Document Type : Original Article
- Zahra Madani 1
- Maryam Moussavi Jordi 1
- Mina Minaie 2, 3
- Ahmadreza Dorosty Motlagh 2
- Zahra Abdollahi 3
- Fariba Babaei 4
- Zahra Abasalti 5
- Ariyo Movahedi 1
1 Department of Nutrition, Science and Research Branch, Islamic Azad University
2 Faculty of Nutrition & Dietetics, Tehran University of Medical Sciences
3 Community Nutrition Improvement Office of the Ministry of Health and Medical Education
4 Community Nutrition Improvement Office of Urmia Medical University
5 Biochemistry and Nutrition Research Center, Mashhad University of Medical Sciences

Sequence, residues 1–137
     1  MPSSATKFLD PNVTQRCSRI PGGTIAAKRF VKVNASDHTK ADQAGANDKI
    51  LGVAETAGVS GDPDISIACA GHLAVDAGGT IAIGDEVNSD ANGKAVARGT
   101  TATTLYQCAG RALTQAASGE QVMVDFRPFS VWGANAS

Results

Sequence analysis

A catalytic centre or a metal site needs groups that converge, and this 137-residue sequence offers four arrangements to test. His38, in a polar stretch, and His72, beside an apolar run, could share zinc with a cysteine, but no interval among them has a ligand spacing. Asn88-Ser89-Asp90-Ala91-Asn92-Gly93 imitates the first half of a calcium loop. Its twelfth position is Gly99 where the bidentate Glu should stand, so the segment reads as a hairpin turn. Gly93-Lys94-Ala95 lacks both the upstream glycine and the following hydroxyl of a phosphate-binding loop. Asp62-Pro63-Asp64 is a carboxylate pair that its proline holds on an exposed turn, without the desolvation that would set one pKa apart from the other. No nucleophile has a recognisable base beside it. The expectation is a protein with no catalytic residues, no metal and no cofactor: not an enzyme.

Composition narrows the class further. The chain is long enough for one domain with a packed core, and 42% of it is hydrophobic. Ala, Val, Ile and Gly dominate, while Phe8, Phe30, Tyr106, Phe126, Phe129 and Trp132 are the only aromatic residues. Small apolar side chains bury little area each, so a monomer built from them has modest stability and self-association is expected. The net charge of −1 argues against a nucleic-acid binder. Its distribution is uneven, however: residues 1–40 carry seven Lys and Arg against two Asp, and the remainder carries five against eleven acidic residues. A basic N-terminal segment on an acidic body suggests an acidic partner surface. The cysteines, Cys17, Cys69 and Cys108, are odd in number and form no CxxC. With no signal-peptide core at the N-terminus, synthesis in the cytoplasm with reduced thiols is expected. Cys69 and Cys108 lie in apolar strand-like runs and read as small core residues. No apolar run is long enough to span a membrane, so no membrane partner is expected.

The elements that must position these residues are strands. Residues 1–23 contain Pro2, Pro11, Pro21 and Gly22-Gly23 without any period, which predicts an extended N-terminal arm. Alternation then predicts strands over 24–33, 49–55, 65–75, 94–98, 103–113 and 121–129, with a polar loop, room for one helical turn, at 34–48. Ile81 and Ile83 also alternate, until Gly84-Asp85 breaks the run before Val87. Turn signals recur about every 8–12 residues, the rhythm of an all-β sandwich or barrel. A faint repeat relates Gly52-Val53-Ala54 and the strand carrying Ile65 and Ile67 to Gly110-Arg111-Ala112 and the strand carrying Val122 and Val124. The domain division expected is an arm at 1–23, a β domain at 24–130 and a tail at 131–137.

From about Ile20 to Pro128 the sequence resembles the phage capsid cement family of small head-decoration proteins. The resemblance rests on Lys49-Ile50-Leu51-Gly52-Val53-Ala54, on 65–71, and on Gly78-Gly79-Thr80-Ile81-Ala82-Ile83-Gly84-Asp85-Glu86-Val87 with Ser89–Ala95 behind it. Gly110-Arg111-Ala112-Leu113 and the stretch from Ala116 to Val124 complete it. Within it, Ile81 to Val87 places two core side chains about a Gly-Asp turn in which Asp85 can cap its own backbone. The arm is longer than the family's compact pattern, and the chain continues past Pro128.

Child health is very vital in all societies, which is prejudiced by the interaction of numerous factors. Pediatric healthy nutrition is one of the most imperative and influential elements in the health of children which affects anthropometric indices. In this study, the effectiveness of one meal warm food for the rural kindergarten of two main cities in the East and West of I.R. Iran Urmia and Mashhad have been carried out. In this cross-sectional study, anthropometric z scores of 5508 children (2750, Urmia vs 2758, Mashhad) were measured by using WHO Anthro and Anthro plus software based on WHO 2007 standards and analyzed using SPSS. Based on the present findings, 16% of children from West and 15% of children from the East showed moderate to severe lower weight for height. In addition, girls showed more severe underweight than boys did. BMI-for-age children from the West and the East approximately showed 14% and 15% of moderate to severe underweight and dropped to about 9% and 12% respectively. Moreover, the percentage of overweight of children in the study was lightly changed to obese especially in boys from the West. Between the two genders, male and female, overweight in girls and obesity in boys found higher than the opposite sex, and relatively similar trends have continued after the intervention in the west. This project was successful to lower moderately severe wasting in children based on body mass index from 7% to about 5% in the west and from 6% to about 5% in the east too. The slight increase in the scale of overweight and obesity and a half percent of overweight children from the west after the program was shown. Even though boys from the West showed a higher increase of obesity than girls had more overweight than boys did, but there was no change before and after intervention in the east, reduction of moderate and severe underweight found similarly in both genders. Due to the relative success of the present intervention plan, nutritional education along these kinds of projects may improve the nutritional status of children in society and prevent pediatric malnutrition.
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